• Avatar
      Carol Ashby May 24, 2016 at 7:32 am #

      Katie, do you have some male relatives or friends who will check him out for realism? My husband is my reality checker for how a man would respond if I’m not quite sure. He makes great suggestions, like making my villain more sympathetic by having him rescue an injured bunny…and make rabbit stew a few pages later.

      • Avatar
        Katie Powner May 24, 2016 at 8:38 am #

        Thanks for the suggestion Carol, that’s a great idea. I imagine it could be difficult to get any men to read it, however! My husband did, but of the two of us he’s the sensitive one so I’m not sure if that helps much. I love the rabbit stew thing, that is awesome.

        Also, I should clarify that I do not want to CALL people at Bible study idiots, only occasionally say they are ACTING like idiots. There’s a difference.

        • Avatar
          Carol Ashby May 24, 2016 at 9:07 am #

          A male colleague who is a tech writer read one of mine completely, but he is also writing fiction. He said he really enjoyed it (perhaps he was being generous), but mine all have a major plotline unrelated to any romance, which helps for male readers. Maybe you could get someone to read a few short sections to see if you have the right feel to the character.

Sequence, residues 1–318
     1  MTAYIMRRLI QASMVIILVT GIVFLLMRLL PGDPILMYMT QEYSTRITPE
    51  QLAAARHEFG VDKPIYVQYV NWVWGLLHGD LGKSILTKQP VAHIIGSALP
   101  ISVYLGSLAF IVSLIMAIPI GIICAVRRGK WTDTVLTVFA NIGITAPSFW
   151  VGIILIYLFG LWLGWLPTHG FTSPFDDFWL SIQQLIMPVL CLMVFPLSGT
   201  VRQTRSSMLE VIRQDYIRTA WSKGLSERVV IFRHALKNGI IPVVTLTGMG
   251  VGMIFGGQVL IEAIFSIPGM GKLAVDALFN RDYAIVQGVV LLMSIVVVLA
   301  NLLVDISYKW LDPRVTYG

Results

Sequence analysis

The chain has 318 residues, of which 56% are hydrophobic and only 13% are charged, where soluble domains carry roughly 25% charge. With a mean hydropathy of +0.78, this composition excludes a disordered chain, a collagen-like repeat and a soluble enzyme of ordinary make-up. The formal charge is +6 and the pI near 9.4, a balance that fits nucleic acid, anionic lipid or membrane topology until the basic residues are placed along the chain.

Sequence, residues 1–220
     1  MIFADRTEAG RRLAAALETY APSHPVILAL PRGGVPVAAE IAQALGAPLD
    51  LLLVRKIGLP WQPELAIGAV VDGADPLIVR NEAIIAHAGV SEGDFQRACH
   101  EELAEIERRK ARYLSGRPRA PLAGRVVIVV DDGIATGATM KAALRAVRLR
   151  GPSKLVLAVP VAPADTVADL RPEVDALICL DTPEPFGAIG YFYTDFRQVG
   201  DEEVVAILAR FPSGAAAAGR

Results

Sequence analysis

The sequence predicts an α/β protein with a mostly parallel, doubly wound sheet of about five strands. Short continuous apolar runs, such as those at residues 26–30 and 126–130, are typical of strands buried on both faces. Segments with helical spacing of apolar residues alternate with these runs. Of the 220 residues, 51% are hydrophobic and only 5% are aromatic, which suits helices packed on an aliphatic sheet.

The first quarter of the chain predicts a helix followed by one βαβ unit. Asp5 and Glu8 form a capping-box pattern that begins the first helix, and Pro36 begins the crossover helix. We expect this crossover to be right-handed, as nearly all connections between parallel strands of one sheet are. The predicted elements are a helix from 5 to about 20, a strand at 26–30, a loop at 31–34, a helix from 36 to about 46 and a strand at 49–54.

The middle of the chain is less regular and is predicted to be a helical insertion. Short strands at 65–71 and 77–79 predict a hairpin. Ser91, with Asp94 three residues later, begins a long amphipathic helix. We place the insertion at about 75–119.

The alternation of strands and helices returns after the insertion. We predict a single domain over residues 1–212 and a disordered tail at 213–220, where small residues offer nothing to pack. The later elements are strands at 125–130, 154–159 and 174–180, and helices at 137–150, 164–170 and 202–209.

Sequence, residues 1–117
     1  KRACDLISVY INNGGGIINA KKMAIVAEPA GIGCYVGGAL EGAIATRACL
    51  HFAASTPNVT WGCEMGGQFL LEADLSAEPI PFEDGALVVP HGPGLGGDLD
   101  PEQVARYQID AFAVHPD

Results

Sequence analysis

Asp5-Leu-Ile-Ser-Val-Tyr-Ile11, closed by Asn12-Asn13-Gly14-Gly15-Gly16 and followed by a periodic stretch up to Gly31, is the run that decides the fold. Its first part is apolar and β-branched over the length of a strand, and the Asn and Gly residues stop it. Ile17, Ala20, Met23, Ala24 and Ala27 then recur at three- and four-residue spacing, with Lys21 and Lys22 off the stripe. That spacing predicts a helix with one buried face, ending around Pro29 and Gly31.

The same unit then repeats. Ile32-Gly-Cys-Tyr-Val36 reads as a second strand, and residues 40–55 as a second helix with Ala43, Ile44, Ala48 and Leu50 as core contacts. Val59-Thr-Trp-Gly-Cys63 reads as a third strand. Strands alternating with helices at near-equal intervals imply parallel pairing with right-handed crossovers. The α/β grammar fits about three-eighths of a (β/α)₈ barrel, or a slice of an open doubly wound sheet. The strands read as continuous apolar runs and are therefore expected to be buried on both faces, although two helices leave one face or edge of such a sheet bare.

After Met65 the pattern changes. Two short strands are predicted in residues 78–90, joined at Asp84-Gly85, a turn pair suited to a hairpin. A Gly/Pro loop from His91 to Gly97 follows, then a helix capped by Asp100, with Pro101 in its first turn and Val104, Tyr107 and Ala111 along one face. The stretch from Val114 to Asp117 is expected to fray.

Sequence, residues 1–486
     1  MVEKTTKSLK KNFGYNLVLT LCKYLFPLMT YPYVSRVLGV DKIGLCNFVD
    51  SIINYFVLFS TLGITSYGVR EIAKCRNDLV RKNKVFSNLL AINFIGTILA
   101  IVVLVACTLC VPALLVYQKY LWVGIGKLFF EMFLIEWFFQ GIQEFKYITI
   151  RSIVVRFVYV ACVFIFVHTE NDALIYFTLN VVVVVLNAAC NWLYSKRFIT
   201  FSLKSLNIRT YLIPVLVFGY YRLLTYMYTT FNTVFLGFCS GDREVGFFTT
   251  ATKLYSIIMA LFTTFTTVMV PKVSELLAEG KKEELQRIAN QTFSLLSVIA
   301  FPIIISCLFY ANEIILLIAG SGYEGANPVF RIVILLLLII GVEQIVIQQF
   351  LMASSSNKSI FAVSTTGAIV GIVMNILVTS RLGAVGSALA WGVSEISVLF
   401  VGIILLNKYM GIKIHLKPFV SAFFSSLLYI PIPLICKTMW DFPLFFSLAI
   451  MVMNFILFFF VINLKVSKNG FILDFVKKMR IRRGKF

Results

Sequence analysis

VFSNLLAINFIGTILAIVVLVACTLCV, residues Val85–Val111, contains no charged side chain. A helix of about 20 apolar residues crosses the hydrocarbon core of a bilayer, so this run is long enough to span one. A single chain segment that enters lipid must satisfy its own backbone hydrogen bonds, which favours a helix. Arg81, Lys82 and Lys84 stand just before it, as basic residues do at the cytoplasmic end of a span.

Even sensitive men have the characteristic male speech and thought patterns. My husband is a kind, thoughtful person as well…even toward rabbits.

  13. Avatar
    Marilyn Read May 24, 2016 at 7:48 am #

    Your posts are learning experiences for me. I treasure your honesty and straight approach. In this one, I see my son. I think you characterized Christian men in a way women can understand (and relate to.) I see the set the jaw, put aside and move forward in my son. But we women do that, too. It is, after all, our gracious God’s advice. Recognize our sin, give it to Him, and accept forgiveness.
    I hope you are invited to a women’s study soon. I believe if you came to my Thursday study, you would be amazed at the similarities of men’s studies. We are not focused on feelings, but in growing in obedience and usefulness. Perhaps we are better at encouraging!
    Thanks again, Dan.

  14. Avatar
    Stacey Philpot May 24, 2016 at 8:14 am #

    This made me cry a little. Which, clearly, further solidifies my girliness.